Due to inherent volatility in the equity markets, investors find themselves struggling to make significant profit. Nonetheless, many investors are hesitant about exploiting these drastic changes to generate profit and could potentially see their assets depreciating in value due to such volatility while investing in the short-term. As a result, new investors are afraid to participate in short-term investment. However, such downside risks posed by volatility can be mitigated through the use of efficient stock screening software in order to expand a portfolio’s income.

What it does

This team has proposed a solution that will introduce investors to the possibilities of short term investment while also educating them on the variety of data that is factored in when analyzing a stock. The software recommends which stocks investors should add to their portfolios based on technical indicators and suggests limit buy/sell prices. The software will amass news articles and online conversations regarding a certain stock and perform a sentiment analysis to determine general investor sentiment rating. Additionally, each stock’s volatility, volume, and 10-day trend are also factored into determining the overall rating. Volatility is calculated by averaging the percent changes of each day, and the trend is computed by summing these values up. A volume rating is also calculated out of a 100 using a logistic curve formula. This allows for low-volume stocks to receive a negligible rating while capping out high-volume stacks at a maximum. Overall, a combination of different weighting of the factors result in a stock rating. The threshold for the rating is set at 40 before the stock bot recommends it. This threshold and the weighting for the various data was determined by analyzing a multitude of stocks and using well-known values in the trading industry.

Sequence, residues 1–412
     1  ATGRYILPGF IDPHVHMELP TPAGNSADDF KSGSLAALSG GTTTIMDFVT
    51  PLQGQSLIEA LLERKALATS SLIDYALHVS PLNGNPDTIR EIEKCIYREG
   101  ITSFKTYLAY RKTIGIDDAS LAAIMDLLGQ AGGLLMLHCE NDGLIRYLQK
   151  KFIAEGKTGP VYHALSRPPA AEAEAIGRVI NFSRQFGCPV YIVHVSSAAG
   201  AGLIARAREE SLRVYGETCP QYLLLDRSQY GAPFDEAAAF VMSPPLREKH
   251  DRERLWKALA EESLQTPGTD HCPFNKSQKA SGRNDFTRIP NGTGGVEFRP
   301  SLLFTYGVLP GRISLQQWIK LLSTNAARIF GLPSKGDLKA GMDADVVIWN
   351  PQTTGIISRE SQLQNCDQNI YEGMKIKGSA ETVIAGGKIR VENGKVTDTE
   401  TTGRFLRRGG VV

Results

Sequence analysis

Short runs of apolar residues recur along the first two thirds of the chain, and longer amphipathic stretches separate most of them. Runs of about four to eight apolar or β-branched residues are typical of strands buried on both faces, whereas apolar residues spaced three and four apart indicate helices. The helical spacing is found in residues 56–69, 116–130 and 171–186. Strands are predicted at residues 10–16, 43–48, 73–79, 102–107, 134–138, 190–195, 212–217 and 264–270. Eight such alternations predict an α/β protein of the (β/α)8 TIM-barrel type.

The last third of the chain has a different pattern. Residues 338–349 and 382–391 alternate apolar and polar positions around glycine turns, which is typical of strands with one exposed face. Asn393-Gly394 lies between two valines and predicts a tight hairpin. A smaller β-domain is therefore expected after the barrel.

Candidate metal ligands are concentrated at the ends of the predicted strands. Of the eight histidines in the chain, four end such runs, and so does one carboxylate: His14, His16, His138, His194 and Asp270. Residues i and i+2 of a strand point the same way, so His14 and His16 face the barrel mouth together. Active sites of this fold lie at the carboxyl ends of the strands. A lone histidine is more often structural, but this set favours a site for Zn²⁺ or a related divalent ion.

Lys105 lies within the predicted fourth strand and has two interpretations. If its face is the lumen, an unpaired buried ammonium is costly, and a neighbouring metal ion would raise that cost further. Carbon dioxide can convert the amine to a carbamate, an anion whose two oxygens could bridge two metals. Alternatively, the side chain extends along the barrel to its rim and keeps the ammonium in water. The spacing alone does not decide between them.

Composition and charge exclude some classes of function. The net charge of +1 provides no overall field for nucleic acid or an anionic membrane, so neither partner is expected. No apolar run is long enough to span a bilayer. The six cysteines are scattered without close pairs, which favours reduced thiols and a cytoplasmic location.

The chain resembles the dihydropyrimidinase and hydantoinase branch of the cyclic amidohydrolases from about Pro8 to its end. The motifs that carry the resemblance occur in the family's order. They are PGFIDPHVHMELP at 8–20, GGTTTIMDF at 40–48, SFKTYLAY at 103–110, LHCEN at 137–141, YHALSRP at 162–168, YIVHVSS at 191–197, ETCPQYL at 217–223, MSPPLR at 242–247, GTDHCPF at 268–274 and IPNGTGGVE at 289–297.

In order to determine suggestions for buying and selling prices, the range of prices where the stock value was in most frequently was calculated. The lower value is the buying price, and the higher value is the selling price. Minor adjustments were made in the lower and higher values in order to account for uncertainty.

In addition, the software will render a candle chart of the stock suggested by the software and also provides the user with a forecast table that will predict stock prices over the short term. Based on the standard deviation of the last 10-20 stock prices, the program will forecast values, mirroring volatility in the stock’s price.

How we built it

The back-end of the web-app is a series of Python functions which collects and analyze stock data. The data is collected from Yahoo Finance using the yahoo_fin module which is able to return pertinent data about specific tickers. Sentiment analysis is also performed on both the conversations and press releases of a stock on the Yahoo Finance page. The front-end of the web app utilizes HTML, CSS, jQuery, and Flask to display the information to the user in an organized fashion. The Flask code calls certain functions in the program’s back-end dependent on the requests sent from our HTML files. The requests are sent using the jQuery JavaScript library, embedded as scripts within the HTML files. Additional information related to a stock is displayed using Bootstrap which created modals (popup displays with content) when a suggested ticker is clicked. In addition, a Least Recently Used (LRU) caching scheme for Python in the functools module is implemented in the program. This enables the returned values of certain functions to be held in computer memory so that another call with the same conditions will immediately return the previous value. Doing so considerably decreases operation and processing time and improves overall functionality of the software dramatically.

The graphs are generated using the "quantmod" package found in the R language. Initially, the program uses the getSymbols() function to extract data from an online source — in this case, Yahoo Finance. The program also adjusts for weekends since the stock market is closed on both Saturday and Sunday. Also, using the plot() function, the data is plotted on a standard graph and displayed to the user. The forecasting tables that are displayed to the user are also generated using R.

What's next for StockDock

In the future, neural networks can be trained to study historical stock data and make better suggestions for stocks to invest in the short term.

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